December 5, 2005: Flyers send Eric Meloche and Patrick Sharp to Chicago for Matt Ellison and a 2006 third-round pick (Ryan White).
Eric Meloche was a journeyman forward who never played a game for the Blackhawks, but Patrick Sharp was the key to this deal. Sharp has had three seasons of more than 30 goals for Chicago and four seasons with more than 60 points.
In return, Philadelphia got Matt Ellison who played seven games for Philadelphia and picked up one assist and a draft pick that was traded to the Montreal Canadiens and became Ryan White.
The Blackhawks clearly got the better of this trade.
March 10, 2003: Coyotes send Daniel Briere and a 2004 third-round pick (Andrej Sekera) to Buffalo for Chris Gratton and a 2004 fourth-round pick (Liam Reddox)
The Coyotes made a mistake when they sent Daniel Briere to Buffalo in 2003. Briere had three seasons in Buffalo including a 95-point season in 2006-07.
Meanwhile, Chris Gratton scored only 32 points in 82 games for the Coyotes over one full season and one partial one.
The draft pick the Coyotes received was traded to the Edmonton Oilers.
March 20, 1996: Penguins send Markus Naslund to Vancouver for Alek Stojanov.
This deal was about as one-sided as it gets.
Naslund played a decade for the Canucks and retired as the franchise's all-time leading scorer with 756 points in 884 games. He was selected to play in five NHL All-Star Games and named to three postseason all-star teams.
The Penguins received winger Alek Stojanov in return, who scored two goals and six points in just 45 games with Pittsburgh before finishing his career in the minor leagues.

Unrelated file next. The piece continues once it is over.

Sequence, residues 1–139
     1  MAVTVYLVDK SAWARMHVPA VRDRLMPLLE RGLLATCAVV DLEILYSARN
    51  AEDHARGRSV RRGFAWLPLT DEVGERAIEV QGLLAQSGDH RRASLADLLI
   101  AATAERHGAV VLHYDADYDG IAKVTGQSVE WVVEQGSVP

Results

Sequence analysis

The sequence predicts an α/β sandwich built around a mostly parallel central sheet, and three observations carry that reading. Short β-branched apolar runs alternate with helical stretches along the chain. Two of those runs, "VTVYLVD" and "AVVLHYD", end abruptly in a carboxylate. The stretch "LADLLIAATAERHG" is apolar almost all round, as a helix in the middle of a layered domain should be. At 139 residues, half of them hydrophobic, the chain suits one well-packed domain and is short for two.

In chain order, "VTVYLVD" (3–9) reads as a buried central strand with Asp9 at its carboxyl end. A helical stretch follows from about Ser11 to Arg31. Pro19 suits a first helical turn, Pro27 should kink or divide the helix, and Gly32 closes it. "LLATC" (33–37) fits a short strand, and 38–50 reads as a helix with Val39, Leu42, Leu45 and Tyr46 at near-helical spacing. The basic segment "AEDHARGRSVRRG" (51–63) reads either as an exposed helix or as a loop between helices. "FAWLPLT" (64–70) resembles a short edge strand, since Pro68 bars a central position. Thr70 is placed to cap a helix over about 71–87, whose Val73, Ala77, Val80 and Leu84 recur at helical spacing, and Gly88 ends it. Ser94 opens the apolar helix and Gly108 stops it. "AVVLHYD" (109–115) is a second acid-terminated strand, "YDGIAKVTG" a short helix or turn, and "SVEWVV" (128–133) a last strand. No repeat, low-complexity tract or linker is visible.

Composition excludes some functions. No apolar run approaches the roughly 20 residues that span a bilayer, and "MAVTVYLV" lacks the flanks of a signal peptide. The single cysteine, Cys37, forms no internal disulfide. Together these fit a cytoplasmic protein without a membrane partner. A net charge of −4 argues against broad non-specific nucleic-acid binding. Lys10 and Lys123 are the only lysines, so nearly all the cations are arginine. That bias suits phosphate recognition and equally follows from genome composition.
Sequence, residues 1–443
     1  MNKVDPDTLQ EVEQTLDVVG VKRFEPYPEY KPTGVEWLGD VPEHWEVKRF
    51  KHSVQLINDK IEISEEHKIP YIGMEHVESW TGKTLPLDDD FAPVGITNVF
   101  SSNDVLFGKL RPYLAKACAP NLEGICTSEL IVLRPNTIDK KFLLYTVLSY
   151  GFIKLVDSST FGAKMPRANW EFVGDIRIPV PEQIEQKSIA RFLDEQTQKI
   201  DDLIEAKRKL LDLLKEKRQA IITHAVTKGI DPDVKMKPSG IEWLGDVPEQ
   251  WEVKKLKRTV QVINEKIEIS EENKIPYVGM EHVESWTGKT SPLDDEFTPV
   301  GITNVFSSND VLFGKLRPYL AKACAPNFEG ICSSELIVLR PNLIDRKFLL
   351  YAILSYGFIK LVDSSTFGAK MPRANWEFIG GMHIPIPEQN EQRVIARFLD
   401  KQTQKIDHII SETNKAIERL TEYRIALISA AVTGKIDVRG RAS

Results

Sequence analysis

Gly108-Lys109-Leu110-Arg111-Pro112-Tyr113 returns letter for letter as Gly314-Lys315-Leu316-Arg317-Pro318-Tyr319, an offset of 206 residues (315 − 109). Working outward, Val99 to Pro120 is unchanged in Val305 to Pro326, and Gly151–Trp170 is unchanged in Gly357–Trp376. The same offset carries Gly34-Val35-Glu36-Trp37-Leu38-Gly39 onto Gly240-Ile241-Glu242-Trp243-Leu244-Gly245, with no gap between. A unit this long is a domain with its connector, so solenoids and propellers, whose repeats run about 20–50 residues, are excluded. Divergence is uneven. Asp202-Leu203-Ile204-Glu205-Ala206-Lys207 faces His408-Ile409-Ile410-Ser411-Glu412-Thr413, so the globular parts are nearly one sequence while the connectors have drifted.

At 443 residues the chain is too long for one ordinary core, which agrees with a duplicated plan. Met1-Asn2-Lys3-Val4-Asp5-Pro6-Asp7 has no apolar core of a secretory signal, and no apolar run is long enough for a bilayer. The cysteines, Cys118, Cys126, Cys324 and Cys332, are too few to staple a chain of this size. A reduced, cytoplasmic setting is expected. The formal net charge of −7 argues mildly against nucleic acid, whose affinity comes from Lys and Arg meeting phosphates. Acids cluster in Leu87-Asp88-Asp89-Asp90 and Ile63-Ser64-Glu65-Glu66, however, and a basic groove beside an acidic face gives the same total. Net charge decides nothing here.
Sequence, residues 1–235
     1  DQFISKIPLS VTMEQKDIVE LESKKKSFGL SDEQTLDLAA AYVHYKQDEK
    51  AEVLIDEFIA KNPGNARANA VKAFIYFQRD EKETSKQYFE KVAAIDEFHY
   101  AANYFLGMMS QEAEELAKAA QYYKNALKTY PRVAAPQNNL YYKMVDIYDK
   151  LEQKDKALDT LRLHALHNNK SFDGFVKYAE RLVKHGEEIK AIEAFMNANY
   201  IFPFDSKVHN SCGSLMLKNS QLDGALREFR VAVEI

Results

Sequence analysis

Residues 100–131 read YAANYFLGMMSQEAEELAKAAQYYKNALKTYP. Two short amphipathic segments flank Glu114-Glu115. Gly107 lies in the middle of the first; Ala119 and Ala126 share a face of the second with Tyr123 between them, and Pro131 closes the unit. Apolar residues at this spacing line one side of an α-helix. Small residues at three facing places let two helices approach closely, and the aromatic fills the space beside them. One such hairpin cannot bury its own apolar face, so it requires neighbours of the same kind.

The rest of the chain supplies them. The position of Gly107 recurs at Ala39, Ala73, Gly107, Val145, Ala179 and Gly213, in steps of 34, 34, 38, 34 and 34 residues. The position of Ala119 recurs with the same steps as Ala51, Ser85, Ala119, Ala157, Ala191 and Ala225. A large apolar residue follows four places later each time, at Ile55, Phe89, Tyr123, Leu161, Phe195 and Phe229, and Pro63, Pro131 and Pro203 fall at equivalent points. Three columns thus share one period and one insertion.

November 14, 2003: Sharks send Miikka Kiprusoff to the Flames for a 2005 conditional second-round pick (Marc-Edouard Vlasic).
Sure, Marc-Edouard Vlasic has played six good seasons on defense for the Sharks, but that's hardly close to the value the Flames received in this deal.
Goalie Miikka Kiprusoff meanwhile, has won a Vezina Trophy and led the Flames to the 2004 Stanley Cup finals during his nine seasons with the team. In fact, "Kipper" has been one of the two best players on the Flames during his tenure with the club.
Februrary 1, 1986: Blues send Terry Johnson, Joe Mullen and Rik Wilson to Calgary for Eddy Beers, Charles Bourgeois and Gino Cavallini.
This deal helped the Flames reach the Stanley Cup Final in 1986 and win their only championship in 1989.
Joe Mullen played five seasons in Calgary after the trade and topped 36 goals in each of his four complete seasons. He also had a career-best 51 tallies in 1988-89, the Flames championship season. Neither Rik Wilson nor Terry Johnson accomplished much for the Flames.
Meanwhile, Ed Beers played 24 games for St. Louis before retiring while Gino Cavallini was steady but unspectacular.
The Flames made two trips to the finals and acquired a 50-goal scorer, while the Blues received less than they gave up.